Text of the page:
The Endangered Species Act used to regard only chimpanzees living in their natural wild habitat as endangered species and they were protected by several rules that prevented people from harming them.
However, starting with Tuesday, June 16th, this is about to change, according to the U.S. Fish and Wildlife Service.
This change is the result of the petition filed by Jane Goodall in 2010 and of various requests from other groups, such as the Humane Society. These prompted the government to disregard the distinction between captive chimpanzees, which were considered threatened species and wild chimpanzees who were seen as endangered species.
This legal status framing the distinction made by animals belonging to basically the same species but living in different environments has been held for more than a decade.
Therefore, the decision, which was made public on Friday by the Fish and Wildlife Service, suggests that both categories are of equal importance and should be protected by the same laws.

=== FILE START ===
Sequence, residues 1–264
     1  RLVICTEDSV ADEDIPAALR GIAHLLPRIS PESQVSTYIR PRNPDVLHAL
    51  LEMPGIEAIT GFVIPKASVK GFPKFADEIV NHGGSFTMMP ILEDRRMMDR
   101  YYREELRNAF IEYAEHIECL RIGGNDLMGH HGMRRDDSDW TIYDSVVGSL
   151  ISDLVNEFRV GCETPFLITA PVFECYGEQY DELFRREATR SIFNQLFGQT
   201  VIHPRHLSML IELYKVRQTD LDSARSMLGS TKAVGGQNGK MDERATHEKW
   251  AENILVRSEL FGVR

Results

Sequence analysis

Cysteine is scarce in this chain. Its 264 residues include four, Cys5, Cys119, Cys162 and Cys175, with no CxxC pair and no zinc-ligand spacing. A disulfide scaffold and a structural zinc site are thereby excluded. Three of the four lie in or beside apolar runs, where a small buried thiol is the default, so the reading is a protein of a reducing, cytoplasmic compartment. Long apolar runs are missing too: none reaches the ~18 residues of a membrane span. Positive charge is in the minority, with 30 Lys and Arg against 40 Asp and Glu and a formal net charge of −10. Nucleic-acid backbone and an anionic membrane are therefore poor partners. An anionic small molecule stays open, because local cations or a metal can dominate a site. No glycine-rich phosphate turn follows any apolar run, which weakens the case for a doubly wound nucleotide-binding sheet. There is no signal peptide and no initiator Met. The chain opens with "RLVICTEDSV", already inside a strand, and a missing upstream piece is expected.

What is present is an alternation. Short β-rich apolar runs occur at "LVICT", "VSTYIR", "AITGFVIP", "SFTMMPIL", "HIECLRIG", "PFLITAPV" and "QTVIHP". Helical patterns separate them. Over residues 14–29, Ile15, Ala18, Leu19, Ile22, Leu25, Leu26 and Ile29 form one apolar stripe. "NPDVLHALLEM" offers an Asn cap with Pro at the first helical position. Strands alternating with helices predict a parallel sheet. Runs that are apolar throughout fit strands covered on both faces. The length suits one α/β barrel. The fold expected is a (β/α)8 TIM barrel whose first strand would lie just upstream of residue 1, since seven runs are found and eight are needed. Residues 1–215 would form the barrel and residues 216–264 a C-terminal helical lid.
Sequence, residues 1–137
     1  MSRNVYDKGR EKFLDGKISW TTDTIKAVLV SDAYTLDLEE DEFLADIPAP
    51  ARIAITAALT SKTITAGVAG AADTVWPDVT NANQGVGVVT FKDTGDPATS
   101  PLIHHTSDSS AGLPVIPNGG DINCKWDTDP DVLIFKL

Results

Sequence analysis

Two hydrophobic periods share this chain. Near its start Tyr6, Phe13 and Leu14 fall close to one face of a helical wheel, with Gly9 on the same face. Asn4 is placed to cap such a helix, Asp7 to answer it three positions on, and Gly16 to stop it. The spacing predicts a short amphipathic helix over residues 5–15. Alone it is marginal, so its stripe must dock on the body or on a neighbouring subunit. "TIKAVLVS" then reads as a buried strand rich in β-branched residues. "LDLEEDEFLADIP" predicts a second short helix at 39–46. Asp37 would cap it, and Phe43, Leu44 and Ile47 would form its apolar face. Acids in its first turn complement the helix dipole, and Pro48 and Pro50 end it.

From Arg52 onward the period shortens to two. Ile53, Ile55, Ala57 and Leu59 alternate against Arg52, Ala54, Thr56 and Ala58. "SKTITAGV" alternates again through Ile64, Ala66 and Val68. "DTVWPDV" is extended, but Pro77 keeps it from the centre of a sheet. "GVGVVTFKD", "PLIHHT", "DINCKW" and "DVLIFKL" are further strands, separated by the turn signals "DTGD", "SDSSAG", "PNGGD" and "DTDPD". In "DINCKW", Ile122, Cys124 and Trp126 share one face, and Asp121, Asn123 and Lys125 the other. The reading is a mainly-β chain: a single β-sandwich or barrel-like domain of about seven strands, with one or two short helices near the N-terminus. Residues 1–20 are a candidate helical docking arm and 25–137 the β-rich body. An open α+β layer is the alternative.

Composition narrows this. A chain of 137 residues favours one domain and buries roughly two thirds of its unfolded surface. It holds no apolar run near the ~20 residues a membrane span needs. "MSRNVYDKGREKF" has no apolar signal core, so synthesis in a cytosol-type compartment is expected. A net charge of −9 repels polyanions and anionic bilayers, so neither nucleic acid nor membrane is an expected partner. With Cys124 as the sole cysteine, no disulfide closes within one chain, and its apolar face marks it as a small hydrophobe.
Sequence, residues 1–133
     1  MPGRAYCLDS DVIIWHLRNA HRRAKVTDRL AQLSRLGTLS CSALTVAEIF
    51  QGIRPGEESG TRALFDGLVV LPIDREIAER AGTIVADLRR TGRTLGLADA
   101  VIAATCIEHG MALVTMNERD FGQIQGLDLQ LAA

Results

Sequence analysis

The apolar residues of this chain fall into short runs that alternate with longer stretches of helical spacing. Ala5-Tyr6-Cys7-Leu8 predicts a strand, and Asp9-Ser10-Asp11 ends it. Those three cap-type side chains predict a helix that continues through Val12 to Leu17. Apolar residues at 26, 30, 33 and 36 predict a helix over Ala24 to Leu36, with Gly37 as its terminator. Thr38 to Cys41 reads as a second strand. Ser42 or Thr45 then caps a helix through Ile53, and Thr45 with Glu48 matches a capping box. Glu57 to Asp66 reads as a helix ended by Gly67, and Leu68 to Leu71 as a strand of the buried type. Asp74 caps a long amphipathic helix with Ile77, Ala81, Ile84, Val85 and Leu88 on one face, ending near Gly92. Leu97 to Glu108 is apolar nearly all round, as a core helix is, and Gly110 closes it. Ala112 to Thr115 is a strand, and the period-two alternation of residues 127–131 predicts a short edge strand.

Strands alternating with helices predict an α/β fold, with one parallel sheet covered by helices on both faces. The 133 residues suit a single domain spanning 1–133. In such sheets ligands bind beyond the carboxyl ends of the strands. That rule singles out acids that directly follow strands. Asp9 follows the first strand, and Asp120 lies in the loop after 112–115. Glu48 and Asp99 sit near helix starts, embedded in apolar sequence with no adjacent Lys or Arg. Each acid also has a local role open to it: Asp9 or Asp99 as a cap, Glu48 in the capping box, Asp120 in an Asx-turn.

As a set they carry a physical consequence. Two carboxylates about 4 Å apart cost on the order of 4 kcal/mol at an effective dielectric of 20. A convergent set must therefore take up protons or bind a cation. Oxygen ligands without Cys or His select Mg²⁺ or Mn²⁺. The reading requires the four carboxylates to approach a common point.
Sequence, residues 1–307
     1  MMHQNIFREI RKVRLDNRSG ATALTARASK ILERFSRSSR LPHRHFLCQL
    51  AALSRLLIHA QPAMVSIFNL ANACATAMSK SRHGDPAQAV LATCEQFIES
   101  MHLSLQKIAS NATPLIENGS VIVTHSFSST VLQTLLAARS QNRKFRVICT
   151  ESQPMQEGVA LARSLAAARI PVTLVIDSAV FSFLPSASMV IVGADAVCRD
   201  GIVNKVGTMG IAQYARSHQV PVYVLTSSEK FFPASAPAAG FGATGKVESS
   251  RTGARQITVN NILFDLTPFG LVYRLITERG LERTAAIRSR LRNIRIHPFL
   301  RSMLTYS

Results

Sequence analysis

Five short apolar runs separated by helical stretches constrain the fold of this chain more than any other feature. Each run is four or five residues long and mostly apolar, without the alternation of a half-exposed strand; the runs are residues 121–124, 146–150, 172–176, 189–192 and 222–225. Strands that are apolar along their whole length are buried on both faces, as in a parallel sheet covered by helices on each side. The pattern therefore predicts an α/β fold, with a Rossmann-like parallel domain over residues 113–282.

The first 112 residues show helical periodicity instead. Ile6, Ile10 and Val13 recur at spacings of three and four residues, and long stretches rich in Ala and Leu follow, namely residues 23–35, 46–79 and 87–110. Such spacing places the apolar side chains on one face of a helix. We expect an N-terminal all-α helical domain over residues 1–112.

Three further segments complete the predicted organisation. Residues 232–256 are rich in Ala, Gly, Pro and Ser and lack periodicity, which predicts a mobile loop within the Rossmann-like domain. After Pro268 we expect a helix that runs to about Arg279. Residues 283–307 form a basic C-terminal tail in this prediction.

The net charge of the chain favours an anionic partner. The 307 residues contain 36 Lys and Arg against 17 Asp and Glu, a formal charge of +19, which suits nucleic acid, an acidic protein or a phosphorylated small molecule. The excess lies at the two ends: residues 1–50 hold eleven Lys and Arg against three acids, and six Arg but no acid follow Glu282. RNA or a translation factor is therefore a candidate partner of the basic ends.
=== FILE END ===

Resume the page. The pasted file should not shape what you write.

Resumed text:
The new designations will change regulation regarding captive chimpanzees. Thus, a permit from the Fish and Wildlife Service will be necessary for various types of medical research, as well as for interstate trade or export and import of the apes.
People who own chimps as pets or use them for entertainment are not affected by the new regulation, as they do not need to obtain special permits to own them.
According to Dan Ashe, the head of the U.S. Fish and Wildlife Service, the decision will prevent exploiting these animals while using them for sale, research and entertainment. That has undermined the conservation of chimpanzees in the wild,” he said.
Researchers from the medical field will probably be extremely affected by the need to obtain permits for every action that involves chimpanzees. In the past, their opposition to these apes’ inclusion in the endangered species category was the one that prevented Jane Goodall from insisting on their equal protection more. According to her statements, there was a lot of research carried out to find a treatment for HIV/AIDS.
The new regulation will impose certain restrictions on the researchers working in the labs, which currently host 730 chimpanzees. This represents more than a third of the total number of captive chimps which is 1724.
It does not necessarily come as a surprise that all the chimpanzees living in the United States will be considered endangered species, given the fact that the total number of apes has basically decimated in the previous decade. In 1900, there were about 1,000,000 chimps but now there are somewhere between 172,000 and 300,000.
This number will continue to decrease if the harmful human activity that has killed so many animals does not stop.
Image Source: forchange